Some will take this as cold and heartless at Christmastime, but it needs to be said, especially to those folks who have been protesting Congress' refusal to extend unemployment benefits: Unemployment insurance is an unholy alliance between the state and federal governments with disastrous results. The politicians who support unemployment insurance and continued extension of benefits bear some of the responsibility for the unemployment rate that today stands just shy of 10 percent.
I, for one, am glad that another unemployment benefits extension isn't forthcoming.
Don't get me wrong. I certainly have compassion for the people who are unemployed, who worry that their unemployment insurance benefits are about to expire and their job prospects are dim. But I satisfy my need to be compassionate for my fellow Idahoans through my voluntary charitable giving. I do that because of what unemployment insurance has done and continues to do.
The government, through its own brand of coercive altruism, forces businesses to pay high rates of taxation to supposedly protect employees in the event they lose their jobs. Employees, in turn, are paid less than they would be if the businesses they work for didn't have to surrender money to the government for unemployment insurance.
These employees, as a result of the government's promise of help, defer savings, thinking that if they lose their jobs, the state employment agency will step in and help out with unemployment benefits. And, of course, anyone who has ever received an unemployment check is aware that the check is less than satisfying, with benefits that do little to cover a person or family's living expenses.
To fund this diabolical government scheme, Idaho businesses are getting hammered by swelled unemployment insurance tax rates. New businesses pay 3.36 percent, one of the highest rates in the country. In other words, the insurance that is supposed to help people who are out of work is now keeping new businesses from opening and companies from hiring.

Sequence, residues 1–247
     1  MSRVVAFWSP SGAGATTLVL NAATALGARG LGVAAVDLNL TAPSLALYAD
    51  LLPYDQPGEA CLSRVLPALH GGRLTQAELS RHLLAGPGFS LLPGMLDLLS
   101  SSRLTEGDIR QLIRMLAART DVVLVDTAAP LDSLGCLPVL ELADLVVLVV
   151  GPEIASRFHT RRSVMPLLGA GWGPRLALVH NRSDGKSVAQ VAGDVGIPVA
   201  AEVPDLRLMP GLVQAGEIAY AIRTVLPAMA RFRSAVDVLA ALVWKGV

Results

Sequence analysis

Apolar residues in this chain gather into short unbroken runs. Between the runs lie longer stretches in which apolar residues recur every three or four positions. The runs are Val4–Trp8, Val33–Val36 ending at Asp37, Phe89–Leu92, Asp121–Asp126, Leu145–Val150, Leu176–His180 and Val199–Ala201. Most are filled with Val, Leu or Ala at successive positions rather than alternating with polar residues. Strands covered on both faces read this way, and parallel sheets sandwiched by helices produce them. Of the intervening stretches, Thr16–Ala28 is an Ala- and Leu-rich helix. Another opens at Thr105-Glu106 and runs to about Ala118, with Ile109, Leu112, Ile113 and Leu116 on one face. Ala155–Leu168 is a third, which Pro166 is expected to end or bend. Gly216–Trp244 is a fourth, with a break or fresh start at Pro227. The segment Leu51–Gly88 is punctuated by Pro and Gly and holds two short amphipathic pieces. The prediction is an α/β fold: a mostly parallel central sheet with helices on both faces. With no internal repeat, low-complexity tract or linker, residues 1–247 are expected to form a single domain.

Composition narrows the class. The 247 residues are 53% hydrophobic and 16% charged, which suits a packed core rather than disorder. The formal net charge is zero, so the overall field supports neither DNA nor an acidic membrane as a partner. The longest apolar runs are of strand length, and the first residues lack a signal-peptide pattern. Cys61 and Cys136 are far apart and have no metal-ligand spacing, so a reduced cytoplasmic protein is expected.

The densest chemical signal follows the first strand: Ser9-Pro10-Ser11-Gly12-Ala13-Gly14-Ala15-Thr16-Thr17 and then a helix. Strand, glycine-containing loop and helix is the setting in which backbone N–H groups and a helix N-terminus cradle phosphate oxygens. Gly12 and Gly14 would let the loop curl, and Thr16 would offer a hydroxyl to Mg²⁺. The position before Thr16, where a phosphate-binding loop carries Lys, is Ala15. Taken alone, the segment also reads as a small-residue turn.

The White House is trying to scare people by telling them that because Congress is holding out on yet another unemployment insurance extension, seven million Americans will lose their unemployment benefits. In Idaho, the Obama Administration says it amounts to around 25,600 people who are out of work, and whose benefits are exhausted or soon will be. Said Austan Goolsbee, chairman of the White House's Council of Economic Advisers, "Letting millions more Americans fall into hardship will hurt our economy ... and immediately undermine consumer spending." Goolsbee says the extension of unemployment benefits is "not only the right thing to do, it's the right economic policy."
The fact is, it is unemployment insurance that is hurting the economy, hurting the ability of businesses to hire and return people to work. Many employers know people who turn down jobs because these unemployed individuals perceive they're better off receiving the government check than they are taking a job. How perverse.
In reality, the cold and heartlessness comes not from people like me, but from those who continue to perpetuate and support a losing, mean, Grinchy proposition that is unemployment insurance.